With all of the different ways to track your menstrual cycle these days, including a plethora of high-tech, period-tracking apps and online calendars, it's easy to lose sight of which information is most important. So, what are the basic things you should keep in mind?  Cycle Technologies EduSeries host, Ann Mullen, spoke with women's health expert, Dr. Nerys Benfield, OB-GYN, to find out. The EduSeries interview below with Dr. Benfield includes her top three tips to help you gain a better understanding of period tracking and the reasons you may wish to do it. 

 

1. Note the key characteristics: period duration and heaviness, pain level, and cycle length.

2. Don't rely on memory.

3. Be consistent.

Key characteristics tell a story. For instance, if your periods come on a regular basis, you can be pretty confident that your hormonal system is functioning as it should. Or if you were to have exceptionally heavy or crampy periods, your doctor would know where to start looking for potential health issues.

Noting your period information as it happens is the best way to ensure that your record is accurate. If you wait until days after an event, you may forget the date or not remember critical details, or you may forget to enter the information all together. So don't rely on memory when period tracking.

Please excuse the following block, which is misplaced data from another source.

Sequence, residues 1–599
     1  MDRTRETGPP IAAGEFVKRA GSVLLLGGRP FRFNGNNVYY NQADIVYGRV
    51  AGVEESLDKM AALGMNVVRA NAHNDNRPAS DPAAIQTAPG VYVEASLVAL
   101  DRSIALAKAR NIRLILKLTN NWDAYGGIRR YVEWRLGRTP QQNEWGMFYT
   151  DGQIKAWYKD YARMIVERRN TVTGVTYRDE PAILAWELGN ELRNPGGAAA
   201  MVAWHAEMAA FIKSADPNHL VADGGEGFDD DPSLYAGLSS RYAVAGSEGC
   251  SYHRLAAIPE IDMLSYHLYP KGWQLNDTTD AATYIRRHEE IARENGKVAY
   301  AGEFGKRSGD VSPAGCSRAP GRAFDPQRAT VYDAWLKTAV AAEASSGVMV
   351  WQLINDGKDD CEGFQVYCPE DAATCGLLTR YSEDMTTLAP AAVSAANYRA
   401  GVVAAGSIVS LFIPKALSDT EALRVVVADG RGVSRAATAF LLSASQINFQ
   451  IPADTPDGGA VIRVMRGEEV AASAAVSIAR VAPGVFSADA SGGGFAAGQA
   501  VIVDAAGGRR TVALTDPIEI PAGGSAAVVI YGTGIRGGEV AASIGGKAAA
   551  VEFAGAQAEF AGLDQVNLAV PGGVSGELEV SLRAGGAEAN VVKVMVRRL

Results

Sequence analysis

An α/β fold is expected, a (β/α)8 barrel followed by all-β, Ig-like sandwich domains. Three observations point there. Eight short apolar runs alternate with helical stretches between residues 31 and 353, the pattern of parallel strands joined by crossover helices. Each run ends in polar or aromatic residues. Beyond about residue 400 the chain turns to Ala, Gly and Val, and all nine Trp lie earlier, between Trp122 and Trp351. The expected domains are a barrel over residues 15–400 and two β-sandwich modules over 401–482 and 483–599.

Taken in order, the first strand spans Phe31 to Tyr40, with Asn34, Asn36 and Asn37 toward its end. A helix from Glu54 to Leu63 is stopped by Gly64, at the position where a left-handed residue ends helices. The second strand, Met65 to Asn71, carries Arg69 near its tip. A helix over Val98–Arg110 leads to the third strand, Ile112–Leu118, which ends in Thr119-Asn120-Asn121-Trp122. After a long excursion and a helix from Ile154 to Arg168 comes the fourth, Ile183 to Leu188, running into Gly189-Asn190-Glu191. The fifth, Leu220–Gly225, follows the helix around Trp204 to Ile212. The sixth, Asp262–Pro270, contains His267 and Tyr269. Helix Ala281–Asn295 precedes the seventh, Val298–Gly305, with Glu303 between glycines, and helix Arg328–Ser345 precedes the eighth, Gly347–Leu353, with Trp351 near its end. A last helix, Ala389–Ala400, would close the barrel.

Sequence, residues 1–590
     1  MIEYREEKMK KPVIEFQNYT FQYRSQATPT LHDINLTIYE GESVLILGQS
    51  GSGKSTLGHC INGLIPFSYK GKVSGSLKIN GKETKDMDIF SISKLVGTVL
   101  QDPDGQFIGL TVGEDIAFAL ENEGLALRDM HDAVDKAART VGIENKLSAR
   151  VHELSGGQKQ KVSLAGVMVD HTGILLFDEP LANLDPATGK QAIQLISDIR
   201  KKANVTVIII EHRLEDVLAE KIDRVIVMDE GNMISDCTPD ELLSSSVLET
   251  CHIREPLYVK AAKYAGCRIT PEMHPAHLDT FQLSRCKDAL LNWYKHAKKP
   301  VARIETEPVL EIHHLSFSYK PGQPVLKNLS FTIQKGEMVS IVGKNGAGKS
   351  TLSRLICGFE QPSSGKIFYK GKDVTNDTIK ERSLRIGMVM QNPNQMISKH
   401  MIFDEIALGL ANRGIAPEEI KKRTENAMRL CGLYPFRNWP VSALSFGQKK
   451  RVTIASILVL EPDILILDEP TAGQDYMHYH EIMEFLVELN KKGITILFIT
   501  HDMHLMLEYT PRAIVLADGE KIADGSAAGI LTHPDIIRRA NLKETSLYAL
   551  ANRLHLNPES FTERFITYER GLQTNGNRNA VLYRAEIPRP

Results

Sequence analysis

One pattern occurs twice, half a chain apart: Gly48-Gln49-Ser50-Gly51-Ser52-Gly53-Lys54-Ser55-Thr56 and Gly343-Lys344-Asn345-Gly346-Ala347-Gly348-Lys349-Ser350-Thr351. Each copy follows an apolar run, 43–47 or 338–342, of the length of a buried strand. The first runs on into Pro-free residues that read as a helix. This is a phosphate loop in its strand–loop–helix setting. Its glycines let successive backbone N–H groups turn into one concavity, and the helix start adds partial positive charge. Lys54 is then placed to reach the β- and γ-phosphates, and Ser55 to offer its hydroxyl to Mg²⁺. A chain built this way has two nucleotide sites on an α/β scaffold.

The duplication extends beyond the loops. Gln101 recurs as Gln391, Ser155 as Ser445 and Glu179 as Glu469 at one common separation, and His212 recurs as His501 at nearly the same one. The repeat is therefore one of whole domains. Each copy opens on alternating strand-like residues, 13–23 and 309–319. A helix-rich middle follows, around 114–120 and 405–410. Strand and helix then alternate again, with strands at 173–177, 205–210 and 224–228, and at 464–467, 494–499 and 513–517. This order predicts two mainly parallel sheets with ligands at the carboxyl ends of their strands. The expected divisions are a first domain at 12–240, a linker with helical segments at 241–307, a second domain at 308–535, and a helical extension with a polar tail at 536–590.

Finally, be consistent. When period trackng, enter your period-start date each and every cycle, as well as the other key characteristics.  In this way, you will easily begin to see your own unique patterns and recognize if something is out of the ordinary. For example, what does it mean if you have 24-day cycle? Isn't that a short cycle? Shouldn't it be 28 days? Well, it depends. By itself, a single data point does not tell you much. But if you have a record of past cycles, you can compare. Your record may show that your cycles are usually in the range of 23 to 27 days, so a 24-day cycle would be normal for you.  But if your record showed a pattern of 32- to 35-day cycles, then a 24-day cycle could be an indicator of a change in your body. 

Of course, there are other interesting symptoms and characteristics to keep track of as well, such as PMS symptoms or fertility signs. But don't neglect the basics for laying a foundation of your menstrual cycle record. To hear further details on period tracking and what information can be gleened from your period record, listen to the CT EduSeries interview with Dr. Benfield, OB-GYN.




Posted in: Womens Health, Interviews with Health Providers, Fertility, Technology

Tags: period tracking, period tracker, ovulation tracker, ovulation calendar

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